Compartmentalization is a key feature of biological cells which conduct their metabolic activity in individual steps isolated in distinct, separated compartments. The creation of architectures containing multiple compartments with a structure that resembles that of a biological cell has generated significant research attention and these assemblies are proposed as candidate materials for a range of biomedical applications. In this Review article, the recent successes of multicompartment architectures as carriers for the delivery of therapeutic cargo or the creation of micro- and nanoreactors that mimic metabolic activities, thus acting as artificial cells or organelles, are discussed. The developed technologies to assemble such complex architectures are outlined, the multicompartment carriers' properties which contribute to their performance in diverse applications are discussed, and their successful applications are highlighted. Finally, future directions and developments in the field are suggested.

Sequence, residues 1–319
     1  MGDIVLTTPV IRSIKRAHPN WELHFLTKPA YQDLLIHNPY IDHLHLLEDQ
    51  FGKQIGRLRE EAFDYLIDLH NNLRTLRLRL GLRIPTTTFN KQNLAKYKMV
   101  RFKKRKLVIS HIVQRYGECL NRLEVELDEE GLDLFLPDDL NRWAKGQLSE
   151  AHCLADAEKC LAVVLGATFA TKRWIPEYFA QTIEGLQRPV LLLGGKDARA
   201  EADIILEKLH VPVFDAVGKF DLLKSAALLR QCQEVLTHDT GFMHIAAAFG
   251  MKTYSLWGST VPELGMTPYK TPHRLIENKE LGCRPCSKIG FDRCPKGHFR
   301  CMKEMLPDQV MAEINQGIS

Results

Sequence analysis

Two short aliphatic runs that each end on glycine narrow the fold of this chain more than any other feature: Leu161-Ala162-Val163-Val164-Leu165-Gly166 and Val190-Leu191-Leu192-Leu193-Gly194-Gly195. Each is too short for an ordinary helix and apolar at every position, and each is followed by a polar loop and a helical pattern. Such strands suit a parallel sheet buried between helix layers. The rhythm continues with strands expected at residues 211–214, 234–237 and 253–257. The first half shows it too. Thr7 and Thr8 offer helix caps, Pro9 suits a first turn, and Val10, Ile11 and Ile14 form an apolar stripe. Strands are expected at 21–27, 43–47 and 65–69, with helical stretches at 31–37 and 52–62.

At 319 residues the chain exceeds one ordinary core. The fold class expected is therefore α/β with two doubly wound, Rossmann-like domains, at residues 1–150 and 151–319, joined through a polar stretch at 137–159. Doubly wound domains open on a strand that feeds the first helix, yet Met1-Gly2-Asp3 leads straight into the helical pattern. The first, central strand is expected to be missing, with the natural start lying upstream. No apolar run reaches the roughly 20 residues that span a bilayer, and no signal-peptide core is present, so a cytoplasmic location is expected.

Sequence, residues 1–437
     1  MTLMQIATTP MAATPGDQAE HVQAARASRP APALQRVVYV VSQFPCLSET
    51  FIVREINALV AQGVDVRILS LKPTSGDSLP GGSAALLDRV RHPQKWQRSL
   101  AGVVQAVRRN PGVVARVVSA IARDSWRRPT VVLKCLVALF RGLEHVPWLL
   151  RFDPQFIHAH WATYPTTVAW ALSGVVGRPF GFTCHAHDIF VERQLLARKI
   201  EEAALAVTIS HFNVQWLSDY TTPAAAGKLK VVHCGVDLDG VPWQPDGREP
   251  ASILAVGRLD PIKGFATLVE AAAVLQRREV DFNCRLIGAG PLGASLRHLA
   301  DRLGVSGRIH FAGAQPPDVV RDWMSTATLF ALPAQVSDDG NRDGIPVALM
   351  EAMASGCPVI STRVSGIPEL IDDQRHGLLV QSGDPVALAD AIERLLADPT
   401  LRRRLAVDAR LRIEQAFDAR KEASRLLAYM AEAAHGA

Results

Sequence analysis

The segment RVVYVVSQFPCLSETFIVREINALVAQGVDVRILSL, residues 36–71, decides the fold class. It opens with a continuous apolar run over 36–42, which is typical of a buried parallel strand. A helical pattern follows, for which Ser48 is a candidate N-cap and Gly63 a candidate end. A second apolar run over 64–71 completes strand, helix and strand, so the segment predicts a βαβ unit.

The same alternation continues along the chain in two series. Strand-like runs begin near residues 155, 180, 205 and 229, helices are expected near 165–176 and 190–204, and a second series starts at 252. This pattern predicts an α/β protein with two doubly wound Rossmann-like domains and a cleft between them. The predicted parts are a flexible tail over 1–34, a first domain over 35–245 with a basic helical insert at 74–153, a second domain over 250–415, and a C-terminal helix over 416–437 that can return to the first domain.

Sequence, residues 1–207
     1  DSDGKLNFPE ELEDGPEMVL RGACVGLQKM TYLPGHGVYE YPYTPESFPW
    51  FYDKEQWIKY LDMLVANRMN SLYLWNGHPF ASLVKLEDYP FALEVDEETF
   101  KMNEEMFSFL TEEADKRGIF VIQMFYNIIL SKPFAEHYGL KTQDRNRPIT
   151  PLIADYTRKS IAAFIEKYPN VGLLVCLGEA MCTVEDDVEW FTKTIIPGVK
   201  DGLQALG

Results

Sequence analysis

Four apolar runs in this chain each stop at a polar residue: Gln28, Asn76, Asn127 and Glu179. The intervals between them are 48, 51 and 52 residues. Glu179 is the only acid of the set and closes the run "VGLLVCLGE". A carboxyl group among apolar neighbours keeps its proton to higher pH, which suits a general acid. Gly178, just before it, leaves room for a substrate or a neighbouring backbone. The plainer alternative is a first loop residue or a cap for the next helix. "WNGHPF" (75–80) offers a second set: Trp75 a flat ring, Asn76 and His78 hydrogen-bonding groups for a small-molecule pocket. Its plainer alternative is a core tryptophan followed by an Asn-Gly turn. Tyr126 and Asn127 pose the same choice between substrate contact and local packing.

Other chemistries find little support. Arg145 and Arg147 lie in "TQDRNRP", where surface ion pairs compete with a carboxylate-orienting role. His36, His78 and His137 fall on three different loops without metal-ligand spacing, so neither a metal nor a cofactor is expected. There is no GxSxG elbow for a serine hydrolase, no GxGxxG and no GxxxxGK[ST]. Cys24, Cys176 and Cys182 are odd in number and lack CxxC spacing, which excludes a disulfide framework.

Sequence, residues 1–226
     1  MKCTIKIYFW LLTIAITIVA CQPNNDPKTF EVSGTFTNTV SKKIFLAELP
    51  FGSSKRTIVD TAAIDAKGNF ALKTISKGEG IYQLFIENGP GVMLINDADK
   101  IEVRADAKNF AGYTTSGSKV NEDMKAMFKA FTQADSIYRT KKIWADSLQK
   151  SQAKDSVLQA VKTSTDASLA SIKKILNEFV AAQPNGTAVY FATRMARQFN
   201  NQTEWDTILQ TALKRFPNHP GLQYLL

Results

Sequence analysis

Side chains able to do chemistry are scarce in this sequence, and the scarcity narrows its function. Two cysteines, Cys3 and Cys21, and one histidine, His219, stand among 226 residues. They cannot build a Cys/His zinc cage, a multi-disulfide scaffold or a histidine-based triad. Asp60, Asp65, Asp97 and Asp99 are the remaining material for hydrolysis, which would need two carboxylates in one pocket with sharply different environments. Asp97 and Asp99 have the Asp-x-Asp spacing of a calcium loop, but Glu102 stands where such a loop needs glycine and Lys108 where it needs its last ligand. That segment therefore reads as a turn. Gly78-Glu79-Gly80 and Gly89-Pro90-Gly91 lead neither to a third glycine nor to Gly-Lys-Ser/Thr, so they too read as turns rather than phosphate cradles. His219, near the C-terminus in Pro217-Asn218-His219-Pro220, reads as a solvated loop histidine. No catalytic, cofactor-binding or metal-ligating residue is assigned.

- Artificial cells
- Cell mimicry
- Encapsulated enzymatic reactions
- Multi-compartment carriers